True crime has taken over every form of entertainment this year. “My Favorite Murder” reached the top of the iTunes podcast charts, and Netflix has been producing murder documentaries left and right. People just really want to hear about the insane stories that follow horrific events, and the entertainment world is giving them what they want. Kathleen Peterson either fell or was pushed down her stairs on Dec. 9, 2001, and Netflix’s new series, “The Staircase,” lets you decide.
The docuseries was originally only eight episodes and first aired on French television in 2004. Since the show’s original release, the case has developed and new information has been unveiled, which ultimately led to two new sequels, including the Netflix original series released in June 2018.
The latest sequel has three new episodes that give an in-depth look at how Michael Peterson’s life has changed since the alleged murder. The episodes show how the trials affected his personal life and career as an author.
Michael spent eight years in prison after the jury found him guilty of murder, but after his 2011 release, he has since stayed in North Carolina where he was originally convicted. He has stayed quiet since his release from prison.
The series tells the story of Kathleen Peterson in 13 episodes, but over the course of the plot, it feels easier to sympathize with Michael than it does with her. Though the show attempts to remain impartial, it highlights Michael’s humanity and makes it easy for the audience to feel empathy for the man still alive rather than the woman unable to tell her own story.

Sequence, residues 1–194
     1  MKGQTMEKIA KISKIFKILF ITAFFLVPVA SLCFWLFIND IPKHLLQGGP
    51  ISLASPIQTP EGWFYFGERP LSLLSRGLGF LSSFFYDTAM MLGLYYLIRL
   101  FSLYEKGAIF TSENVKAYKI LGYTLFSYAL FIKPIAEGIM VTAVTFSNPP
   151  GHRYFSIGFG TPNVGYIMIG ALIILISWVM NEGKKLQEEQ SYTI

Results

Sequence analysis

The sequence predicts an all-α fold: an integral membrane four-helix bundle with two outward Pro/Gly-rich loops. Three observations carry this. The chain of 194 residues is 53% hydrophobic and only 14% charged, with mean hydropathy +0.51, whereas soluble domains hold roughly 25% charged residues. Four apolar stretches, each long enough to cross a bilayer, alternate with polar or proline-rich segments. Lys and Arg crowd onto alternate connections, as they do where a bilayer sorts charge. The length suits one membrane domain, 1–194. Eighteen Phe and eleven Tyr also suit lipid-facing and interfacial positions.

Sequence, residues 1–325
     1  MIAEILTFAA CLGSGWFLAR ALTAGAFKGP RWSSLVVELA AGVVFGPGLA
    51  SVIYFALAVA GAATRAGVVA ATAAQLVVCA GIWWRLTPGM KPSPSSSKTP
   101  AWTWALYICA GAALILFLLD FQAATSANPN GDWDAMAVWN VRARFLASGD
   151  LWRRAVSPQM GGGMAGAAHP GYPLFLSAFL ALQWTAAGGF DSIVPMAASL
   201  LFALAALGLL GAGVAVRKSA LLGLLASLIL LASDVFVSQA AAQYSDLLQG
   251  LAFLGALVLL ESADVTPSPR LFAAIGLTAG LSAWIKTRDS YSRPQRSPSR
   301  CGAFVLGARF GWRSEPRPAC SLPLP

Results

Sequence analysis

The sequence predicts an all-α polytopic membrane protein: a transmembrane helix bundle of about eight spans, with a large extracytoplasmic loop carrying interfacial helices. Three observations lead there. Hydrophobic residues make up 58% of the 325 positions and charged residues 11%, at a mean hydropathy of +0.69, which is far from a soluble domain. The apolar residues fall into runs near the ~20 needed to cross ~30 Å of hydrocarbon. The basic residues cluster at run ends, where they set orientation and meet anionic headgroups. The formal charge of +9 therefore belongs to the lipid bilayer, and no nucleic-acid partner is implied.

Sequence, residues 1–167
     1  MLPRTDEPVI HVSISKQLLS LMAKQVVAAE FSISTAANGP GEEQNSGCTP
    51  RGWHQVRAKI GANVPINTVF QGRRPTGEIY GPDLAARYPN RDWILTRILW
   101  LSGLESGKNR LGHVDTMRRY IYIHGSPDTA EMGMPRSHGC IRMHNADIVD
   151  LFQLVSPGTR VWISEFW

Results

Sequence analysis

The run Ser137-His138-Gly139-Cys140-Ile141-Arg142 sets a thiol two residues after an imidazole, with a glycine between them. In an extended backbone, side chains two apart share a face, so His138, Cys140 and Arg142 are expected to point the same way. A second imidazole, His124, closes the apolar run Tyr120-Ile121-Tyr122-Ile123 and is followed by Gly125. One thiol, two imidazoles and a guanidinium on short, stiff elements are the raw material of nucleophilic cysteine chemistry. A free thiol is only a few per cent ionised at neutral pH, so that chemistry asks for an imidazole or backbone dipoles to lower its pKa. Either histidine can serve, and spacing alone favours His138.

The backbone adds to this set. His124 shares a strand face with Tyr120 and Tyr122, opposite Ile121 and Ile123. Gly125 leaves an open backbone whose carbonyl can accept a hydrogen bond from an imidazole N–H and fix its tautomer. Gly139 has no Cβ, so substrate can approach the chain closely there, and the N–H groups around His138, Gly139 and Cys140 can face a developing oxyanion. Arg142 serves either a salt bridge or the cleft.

By the end of the show, it’s easy to feel more connected to Michael, her husband and accused killer, and this isn’t just because he was the one telling the story. In the second and third episode, the defense reveals he was gay and hiding it from his wife, until she found out from reading his emails. The defense worried that because of the less tolerant nature of the early 2000’s, the jury would be less understanding toward Michael. When they reveal their fears to Michael, his face drops and the reality of his situation seems to sink in.
It isn’t hard to make an audience feel connected to a dead person — John Green does it all the time — but the documentary chose not to. Though her story is crucial to the documentary, Kathleen isn’t even really a part of it.
It is unclear whether Michael has always been off or is because he was accused, and may have murdered his wife. Either way, he is an odd character, which makes his innocence less certain to anyone.
The 13-part documentary series is chilling and can be an introspective experience if you let it. It won’t do the work for you, as many murder enthusiasts expect. You have to be willing to pay attention to every episode and understand that we just may never know what really happened on that strange night in 2001.